Biographical entry: Palmer, Sidney Philip


Sidney Philip (Phil) Palmer was born the son of a medical doctor in England and served in the Boer War in South Africa. He married Harriet Wheatley, the sister of Norman Wheatley (q.v.), in Pretoria in the early 1900s. The couple had two sons, Ambrose Ernest (b. 1904) and Philip Francis (1905), and a daughter Kathleen (1908). Harriet died and the family returned to England, and Palmer then decided to join his brother-in-law in the Solomons, arriving in Tulagi from Sydney on 10 August 1910. He worked in partnership with Wheatley for three years and then set up a plantation on San Jorge Island off southern Isabel, which had no population due to earlier headhunting raids. In 1913 Palmer registered a lease of over six hundred acres at Kaola. But the next year he enlisted in the Australian Light Horse troops, which consisted of both cavalry and mounted infantry. After the war, Palmer brought his sons to the Solomons, staying first with Wheatley and then back on San Jorge. So hard did he work his sons in restoring the plantation that they ran away, and they never spoke to him again. Palmer continued to make copra on San Jorge, but since he had no vessel he was dependant on others to get it to Tulagi for sale. His health deteriorated in the 1930s and after a long spell in hospital from tropical leg ulcers he returned to San Jorge, only to die horribly in February 1939 when he fell and, while immobile with a badly broken leg, was attacked by ants, which began to remove the flesh from his body. He managed to crawl home but died soon after. He was a cultured Englishman down on his luck. (Golden 1993, 334-337)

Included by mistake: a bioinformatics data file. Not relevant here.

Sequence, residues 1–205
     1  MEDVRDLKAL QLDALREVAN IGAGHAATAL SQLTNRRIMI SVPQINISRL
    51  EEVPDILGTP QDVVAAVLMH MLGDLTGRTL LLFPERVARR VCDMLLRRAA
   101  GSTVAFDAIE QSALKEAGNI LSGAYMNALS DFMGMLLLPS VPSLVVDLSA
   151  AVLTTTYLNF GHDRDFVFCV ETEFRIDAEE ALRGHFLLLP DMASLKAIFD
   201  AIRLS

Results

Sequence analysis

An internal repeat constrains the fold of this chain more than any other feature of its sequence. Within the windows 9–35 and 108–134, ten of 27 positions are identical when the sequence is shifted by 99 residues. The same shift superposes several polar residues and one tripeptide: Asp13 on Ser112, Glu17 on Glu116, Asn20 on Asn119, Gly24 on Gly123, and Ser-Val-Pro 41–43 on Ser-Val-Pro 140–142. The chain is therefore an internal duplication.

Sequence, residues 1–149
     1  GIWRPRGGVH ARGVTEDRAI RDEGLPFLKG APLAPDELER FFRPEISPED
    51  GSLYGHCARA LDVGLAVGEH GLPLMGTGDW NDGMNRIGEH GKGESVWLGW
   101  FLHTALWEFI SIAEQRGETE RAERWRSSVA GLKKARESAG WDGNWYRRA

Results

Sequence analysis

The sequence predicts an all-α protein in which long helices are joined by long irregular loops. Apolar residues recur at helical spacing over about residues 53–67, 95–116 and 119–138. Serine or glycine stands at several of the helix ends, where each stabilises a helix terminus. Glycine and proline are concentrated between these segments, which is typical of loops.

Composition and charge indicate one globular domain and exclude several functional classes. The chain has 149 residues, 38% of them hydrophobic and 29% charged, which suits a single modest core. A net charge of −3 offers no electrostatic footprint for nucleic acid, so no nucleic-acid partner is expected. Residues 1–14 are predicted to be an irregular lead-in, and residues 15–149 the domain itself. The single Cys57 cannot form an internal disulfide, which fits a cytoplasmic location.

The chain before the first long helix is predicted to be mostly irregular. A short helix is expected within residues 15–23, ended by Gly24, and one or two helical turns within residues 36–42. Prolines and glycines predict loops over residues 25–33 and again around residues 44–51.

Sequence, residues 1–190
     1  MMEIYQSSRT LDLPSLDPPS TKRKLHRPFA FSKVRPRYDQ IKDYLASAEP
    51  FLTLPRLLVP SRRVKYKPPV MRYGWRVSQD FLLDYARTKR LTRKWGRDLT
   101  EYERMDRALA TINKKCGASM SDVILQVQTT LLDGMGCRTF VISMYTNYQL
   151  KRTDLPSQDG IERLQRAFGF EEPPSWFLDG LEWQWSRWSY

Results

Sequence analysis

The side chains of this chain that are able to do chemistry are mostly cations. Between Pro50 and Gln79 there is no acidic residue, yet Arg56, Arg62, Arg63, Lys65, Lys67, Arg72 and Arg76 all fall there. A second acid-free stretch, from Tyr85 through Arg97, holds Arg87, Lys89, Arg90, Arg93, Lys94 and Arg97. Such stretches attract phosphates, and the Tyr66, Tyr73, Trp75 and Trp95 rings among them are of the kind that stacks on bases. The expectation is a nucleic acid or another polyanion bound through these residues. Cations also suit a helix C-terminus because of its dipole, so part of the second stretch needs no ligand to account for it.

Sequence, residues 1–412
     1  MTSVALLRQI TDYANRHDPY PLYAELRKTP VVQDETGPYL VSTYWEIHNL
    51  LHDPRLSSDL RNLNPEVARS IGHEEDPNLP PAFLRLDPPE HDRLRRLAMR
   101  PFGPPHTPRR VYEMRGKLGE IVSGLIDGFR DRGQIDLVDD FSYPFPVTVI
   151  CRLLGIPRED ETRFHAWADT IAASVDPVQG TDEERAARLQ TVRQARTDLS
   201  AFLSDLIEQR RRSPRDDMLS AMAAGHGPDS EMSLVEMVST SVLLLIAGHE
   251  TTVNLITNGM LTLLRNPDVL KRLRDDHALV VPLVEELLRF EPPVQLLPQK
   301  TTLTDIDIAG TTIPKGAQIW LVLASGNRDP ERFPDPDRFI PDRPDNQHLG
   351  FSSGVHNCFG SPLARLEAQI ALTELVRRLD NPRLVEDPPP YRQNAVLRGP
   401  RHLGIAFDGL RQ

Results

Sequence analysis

Published resources


  • Golden, Graeme A., The Early European Settlers of the Solomon Islands, Graeme A. Golden, Melbourne, 1993. Details